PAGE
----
He was very old. Grizzled, almost bald, grey-looking. Slightly hunched, but still tall, maybe six foot three. He walked with a slight limp, hardly noticeable to the eye, but when you listened to his footsteps, there was an unevenness.
He stood on the corner, waiting for the lights to change, his head weaving a little, as though perhaps looking around him, but it seemed more than that, as though he wasn’t entirely in control of his actions.
He carried a walking stick, one of those adjustable metal ones, in his right hand, and a shopping bag in his left hand, a bag with just a few items in it, and you could see that his hand was trembling a little. Very old? Maybe eighty, maybe more. I’m not great at judging people’s ages.
The lights changed and that little noise the lights make to say that you can walk now chirped, and the small crowd that had been waiting for the walking green surged forward. The old man stood where he was for a moment, seemingly a little lost. Then, as though he had just noticed the others crossing, he stumbled forward, left the pavement and walked hesitantly across the junction towards me.
I had been waiting to cross too, but something stopped me and I stood where I was, watching him from the opposite pavement. It was a busy morning, and the crossing was close-packed, people weaving in and out of the stream crossing in the opposite direction. The old man, much slower than the rest of them, seemed to struggle a little, as though failing eyesight prevented him from seeing the on-coming people clearly. Perhaps not, but that was what it looked like from my side.
The flow slowed as most people reached the kerbs, leaving him the last person still crossing, and this seemed to panic him, as though he was running out of time to gain safety. He was clearly trying to increase the pace of his shuffle, and he tottered a little as though he was loosing his balance. He had nearly reached the safety of the kerb when he appeared to trip, falling forward.
I stepped forward into the road and caught him. Well, maybe not caught him, more just giving him that bit of support to keep him on his feet. He gasped and looked straight at me. ‘Oh,’ he said quietly. ‘Oh dear.’
‘Hey,’ I said as I moved him closer to the kerb. The lights had just changed, and we were in danger of being hit. ‘Come on, let me help you.’
The people waiting for the next crossing light peered at the pair of us, making way for us to get beyond the crowd. I could see a bench seat twenty metres or so away. ‘It might be a good idea for you to sit down for a few minutes?’
He nodded, and we slowly shuffled down the pavement towards the seat.
I was in no hurry, so I patiently escorted him, a hand on his shoulder. Reaching the seat, he turned slowly and sat, putting the bag beside him and leaning the walking stick against the seat. I sat down beside him.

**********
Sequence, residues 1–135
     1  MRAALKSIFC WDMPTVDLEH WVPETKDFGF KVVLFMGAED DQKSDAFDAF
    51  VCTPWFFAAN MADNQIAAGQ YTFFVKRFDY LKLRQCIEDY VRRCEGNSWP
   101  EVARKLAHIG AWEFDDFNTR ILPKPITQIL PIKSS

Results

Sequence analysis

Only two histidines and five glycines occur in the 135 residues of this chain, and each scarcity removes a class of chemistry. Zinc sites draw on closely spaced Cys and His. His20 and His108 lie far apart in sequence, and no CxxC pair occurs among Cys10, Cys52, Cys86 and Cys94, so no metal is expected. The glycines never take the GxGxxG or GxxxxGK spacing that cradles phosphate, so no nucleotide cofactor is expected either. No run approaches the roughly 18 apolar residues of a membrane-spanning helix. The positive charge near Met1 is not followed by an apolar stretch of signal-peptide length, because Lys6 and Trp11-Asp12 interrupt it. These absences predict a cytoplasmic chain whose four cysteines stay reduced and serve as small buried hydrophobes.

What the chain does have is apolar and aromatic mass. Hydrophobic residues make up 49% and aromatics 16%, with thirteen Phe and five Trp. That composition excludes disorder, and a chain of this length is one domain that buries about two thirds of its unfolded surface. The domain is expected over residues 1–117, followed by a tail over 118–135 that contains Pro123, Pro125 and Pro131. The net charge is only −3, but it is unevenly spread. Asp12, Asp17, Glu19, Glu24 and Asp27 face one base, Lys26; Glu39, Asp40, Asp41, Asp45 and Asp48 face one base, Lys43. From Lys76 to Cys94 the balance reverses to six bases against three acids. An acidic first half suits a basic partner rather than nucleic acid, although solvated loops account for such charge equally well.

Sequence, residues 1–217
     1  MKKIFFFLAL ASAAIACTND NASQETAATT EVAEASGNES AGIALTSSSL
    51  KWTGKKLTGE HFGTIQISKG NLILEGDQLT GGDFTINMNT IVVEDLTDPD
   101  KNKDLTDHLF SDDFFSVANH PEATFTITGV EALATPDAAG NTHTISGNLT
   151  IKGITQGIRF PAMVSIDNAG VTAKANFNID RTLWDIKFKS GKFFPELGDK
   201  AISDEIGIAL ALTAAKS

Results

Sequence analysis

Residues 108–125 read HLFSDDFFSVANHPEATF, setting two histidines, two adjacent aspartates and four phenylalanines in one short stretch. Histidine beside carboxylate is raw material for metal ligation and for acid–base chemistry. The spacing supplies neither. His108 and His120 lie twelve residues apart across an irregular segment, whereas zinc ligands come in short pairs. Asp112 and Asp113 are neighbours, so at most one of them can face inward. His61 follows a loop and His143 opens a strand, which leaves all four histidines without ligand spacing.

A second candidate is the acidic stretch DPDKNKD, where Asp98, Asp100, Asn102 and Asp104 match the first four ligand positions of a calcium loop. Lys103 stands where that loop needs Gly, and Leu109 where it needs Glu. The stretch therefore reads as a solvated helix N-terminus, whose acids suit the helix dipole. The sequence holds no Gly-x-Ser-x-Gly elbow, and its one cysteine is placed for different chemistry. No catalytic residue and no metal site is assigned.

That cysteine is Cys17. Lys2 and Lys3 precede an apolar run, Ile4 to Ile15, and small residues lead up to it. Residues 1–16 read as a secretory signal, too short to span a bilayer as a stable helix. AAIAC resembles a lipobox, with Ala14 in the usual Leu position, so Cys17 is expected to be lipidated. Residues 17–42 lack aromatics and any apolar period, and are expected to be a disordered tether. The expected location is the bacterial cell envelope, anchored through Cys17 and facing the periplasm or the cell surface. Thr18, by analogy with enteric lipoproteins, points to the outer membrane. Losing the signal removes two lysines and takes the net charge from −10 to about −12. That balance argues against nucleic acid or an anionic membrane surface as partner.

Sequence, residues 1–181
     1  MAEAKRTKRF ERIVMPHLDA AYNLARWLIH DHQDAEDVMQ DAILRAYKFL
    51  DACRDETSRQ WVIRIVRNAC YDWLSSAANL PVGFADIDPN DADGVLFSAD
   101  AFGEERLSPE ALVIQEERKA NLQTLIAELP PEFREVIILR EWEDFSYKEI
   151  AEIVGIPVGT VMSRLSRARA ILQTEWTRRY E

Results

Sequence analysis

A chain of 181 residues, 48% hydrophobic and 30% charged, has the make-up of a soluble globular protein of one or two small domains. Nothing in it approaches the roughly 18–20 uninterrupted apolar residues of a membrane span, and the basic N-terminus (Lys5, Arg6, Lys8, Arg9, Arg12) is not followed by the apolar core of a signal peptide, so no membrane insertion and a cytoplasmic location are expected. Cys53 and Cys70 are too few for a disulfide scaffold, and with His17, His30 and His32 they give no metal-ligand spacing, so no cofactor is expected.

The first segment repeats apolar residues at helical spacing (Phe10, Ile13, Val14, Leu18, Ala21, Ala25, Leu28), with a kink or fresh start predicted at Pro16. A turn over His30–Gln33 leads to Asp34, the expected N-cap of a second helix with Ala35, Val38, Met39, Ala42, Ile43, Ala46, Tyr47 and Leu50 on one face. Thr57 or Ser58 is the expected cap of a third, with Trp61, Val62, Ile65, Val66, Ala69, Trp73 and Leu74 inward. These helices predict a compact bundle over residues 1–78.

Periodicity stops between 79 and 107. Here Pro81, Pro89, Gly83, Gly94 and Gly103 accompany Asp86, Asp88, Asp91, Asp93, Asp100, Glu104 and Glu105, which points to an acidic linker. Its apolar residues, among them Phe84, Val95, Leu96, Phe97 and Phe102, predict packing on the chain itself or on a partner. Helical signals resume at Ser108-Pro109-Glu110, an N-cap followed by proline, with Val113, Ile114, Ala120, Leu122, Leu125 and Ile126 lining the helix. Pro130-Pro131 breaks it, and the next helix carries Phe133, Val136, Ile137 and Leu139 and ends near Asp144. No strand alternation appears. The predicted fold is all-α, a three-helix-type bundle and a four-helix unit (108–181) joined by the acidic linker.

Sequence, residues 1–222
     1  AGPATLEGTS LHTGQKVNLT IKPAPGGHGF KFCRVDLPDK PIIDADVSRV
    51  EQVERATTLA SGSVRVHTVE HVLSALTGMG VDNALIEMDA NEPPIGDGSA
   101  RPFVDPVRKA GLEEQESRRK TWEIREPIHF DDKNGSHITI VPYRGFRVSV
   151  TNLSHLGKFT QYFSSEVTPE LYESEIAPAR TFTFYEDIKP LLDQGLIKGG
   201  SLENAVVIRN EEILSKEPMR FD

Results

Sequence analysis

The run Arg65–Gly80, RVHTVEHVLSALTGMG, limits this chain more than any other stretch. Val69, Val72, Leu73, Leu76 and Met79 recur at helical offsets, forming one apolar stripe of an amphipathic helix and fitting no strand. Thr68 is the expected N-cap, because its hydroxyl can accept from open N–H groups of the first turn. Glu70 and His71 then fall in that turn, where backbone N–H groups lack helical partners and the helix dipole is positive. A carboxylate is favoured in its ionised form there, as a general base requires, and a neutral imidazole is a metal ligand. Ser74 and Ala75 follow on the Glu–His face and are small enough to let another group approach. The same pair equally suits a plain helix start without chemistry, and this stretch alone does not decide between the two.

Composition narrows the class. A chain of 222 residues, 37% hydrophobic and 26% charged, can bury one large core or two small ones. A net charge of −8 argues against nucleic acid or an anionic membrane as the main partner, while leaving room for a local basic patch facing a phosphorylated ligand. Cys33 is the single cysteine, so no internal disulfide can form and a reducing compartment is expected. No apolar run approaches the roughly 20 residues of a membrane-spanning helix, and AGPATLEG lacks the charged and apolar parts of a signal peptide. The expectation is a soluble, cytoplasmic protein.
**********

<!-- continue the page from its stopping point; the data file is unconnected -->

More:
‘Oh dear,’ he said again. ‘What a fool I am.’
‘What do you mean?’
‘Coming out like this by myself.’ He turned and looked at me. ‘That was very good of you, looking after me like that.’
‘Oh, that’s alright. I’m not in a hurry. Matter of fact I was just thinking I might get a cup of coffee. Over there. That’s where I was headed.’ I pointed to a coffee shop on the other side of the crossing, and he looked and nodded.
‘Well, I’m all right now, thanks to you. I just felt a little stressed, having to rush like that. I’ll just sit here for a few minutes. Go and get your coffee.’
He didn’t look too good to me, and I was reluctant to leave him. ‘Have you got pills you should take?’
‘Oh no. Well, not really. I’ve got pills at home but I don’t carry them with me.’
I watched him for a while, noted the shaking of his hand, his head nodding a little. ‘Look, how about I go across and get us both some coffee. You stay here and I’ll fetch it. How do you like it?’
‘Not coffee, but perhaps some tea? Would that be alright?’ He smiled for the first time. ‘I should have had some tea before I tried the crossing. That would have set me up. Milk and two, please.’
I nodded then, and got up and left him, joining the mob at the crossing, waiting for the green again. Just a minute or so, and off we went, and I thought about how cruel life is, letting us grow old and feeble.
When I got back with the paper cups he looked a lot better than before. His face was a better colour, and he was sitting in the sun with a smile on his face, relaxed and comfortable. ‘Here you go,’ I said. ‘I already put the sugar in.’
‘Ta,’ he said, removing the plastic lid and putting it down beside him. He took a sip and pulled his lips away from the cup. ‘That’s hot,’ he said.
I took a paper bag from my pocket. ‘I got some biscotti too. Thought you might like some.’
He looked down at the biscotti that I had placed side by side on the bag between us. ‘What’re they? Biscuits of some sort?’